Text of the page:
Gov. Rick Snyder on Wednesday promoted apprenticeships in the skilled trades, saying Michigan must re-establish career technical education as a viable alternative to a four-year college degree in its bid to fill in-demand jobs.
The Republican governor spent the morning after his fifth State of the State speech at a Lansing-area molding and machining manufacturer. Franchino Mold and Engineering has used $50,000 in state funding in the last two years so that apprentices can be trained at Lansing Community College while working full-time at the company.
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Workers who complete the four-year program can make around $20 an hour and have no school debt.
"In some ways, we lost track of career tech education and the skilled trades. Big mistake. And we're paying a price for that today," Snyder said. "There are a tremendous number of great jobs out there waiting to be filled."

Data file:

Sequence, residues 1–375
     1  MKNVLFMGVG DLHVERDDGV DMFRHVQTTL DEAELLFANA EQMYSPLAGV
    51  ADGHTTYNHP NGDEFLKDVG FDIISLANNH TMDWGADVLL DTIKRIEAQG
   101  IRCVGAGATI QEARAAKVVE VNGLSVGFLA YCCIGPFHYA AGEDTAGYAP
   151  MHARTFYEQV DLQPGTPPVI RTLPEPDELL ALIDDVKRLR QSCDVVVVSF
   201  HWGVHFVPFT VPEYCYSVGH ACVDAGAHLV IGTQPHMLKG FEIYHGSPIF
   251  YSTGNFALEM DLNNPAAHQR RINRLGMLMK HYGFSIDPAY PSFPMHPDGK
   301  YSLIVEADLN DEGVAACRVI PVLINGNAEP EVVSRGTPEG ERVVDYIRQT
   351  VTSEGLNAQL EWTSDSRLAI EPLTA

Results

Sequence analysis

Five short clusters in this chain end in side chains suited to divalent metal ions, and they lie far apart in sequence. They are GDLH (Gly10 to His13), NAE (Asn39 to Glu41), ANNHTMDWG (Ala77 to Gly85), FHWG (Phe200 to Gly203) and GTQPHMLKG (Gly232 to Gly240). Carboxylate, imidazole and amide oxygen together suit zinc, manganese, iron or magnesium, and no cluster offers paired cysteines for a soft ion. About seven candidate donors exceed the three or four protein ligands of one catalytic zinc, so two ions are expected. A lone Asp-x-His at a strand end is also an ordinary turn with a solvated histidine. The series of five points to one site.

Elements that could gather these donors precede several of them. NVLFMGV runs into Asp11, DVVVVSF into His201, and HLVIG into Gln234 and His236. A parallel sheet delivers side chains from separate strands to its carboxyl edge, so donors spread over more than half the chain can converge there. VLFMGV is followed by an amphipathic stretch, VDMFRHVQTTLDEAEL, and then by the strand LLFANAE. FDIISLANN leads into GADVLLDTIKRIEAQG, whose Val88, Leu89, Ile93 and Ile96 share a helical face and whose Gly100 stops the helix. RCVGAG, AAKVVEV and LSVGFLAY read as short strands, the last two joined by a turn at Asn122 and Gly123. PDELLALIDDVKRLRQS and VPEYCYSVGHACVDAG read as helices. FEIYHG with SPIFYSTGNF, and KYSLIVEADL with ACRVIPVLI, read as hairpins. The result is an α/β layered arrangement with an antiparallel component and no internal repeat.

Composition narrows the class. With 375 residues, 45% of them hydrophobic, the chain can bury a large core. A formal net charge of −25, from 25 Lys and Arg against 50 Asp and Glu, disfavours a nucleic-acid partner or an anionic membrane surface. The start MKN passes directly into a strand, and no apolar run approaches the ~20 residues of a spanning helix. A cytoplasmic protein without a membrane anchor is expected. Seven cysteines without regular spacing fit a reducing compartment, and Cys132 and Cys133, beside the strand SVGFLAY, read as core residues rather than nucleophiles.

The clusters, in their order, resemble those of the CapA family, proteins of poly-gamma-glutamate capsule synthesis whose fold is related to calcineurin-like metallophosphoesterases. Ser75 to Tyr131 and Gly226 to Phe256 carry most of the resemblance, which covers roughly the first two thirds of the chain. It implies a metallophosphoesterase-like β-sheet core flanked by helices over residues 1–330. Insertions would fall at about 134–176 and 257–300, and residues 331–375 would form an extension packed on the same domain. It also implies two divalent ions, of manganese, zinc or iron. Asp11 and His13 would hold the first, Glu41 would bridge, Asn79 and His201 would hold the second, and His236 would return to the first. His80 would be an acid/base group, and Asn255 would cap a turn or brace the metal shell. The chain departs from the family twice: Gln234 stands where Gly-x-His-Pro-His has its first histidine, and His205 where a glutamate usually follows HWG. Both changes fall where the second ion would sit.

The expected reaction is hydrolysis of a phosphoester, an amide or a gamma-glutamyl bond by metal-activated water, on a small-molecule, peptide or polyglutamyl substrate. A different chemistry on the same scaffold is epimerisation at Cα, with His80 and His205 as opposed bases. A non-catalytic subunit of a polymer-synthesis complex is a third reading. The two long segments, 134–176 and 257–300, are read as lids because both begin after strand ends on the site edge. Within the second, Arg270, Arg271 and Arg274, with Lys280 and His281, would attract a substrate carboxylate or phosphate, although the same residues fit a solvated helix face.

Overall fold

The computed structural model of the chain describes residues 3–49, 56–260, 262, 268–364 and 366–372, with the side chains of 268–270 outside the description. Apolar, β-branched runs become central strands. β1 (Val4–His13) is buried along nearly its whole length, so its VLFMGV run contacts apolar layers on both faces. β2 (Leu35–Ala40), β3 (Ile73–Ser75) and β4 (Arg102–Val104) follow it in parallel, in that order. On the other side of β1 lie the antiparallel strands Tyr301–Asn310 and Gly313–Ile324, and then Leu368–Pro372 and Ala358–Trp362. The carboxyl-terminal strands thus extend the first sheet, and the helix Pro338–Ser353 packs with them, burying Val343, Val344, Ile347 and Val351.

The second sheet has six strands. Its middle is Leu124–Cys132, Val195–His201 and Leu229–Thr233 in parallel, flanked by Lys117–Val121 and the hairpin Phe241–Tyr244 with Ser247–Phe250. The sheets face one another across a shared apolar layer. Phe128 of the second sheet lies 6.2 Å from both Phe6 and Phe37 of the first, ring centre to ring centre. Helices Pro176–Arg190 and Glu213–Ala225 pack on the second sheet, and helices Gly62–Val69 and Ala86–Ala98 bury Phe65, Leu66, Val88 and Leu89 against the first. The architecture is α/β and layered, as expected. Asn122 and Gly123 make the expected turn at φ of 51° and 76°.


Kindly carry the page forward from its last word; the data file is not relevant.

The governor said he wants to ramp up newer programs such as Michigan Advanced Technician Training — MAT2 — in which employers pay tuition costs for a worker's associate's degree and provide on-the-job training with pay. And next month, the state will award up to $50 million to community colleges to help update tools they use to train students for machining, welding and other skills.
Snyder's push comes as he faces a $289 million shortfall in the current budget, largely because of higher-than-expected business tax credits being claimed. But he said he opposes across-the-board cuts and increased spending on skilled trades education will be a priority when he presents his proposed 2015-16 budget to the Legislature in February.
Repeating comments from both the State of the State and his recent inaugural speech, Snyder said he wants to lead the nation in expanding technical education in trades such as welding.
Brent Knight, president of Lansing Community College, said its apprenticeship programs have gone up 29 percent overall since 2012 — 48 percent in manufacturing fields.
General Motors, which has two assembly plants in the Lansing area, employs "thousands of people" but "there are lots of small companies that need these same skills," Knight said.
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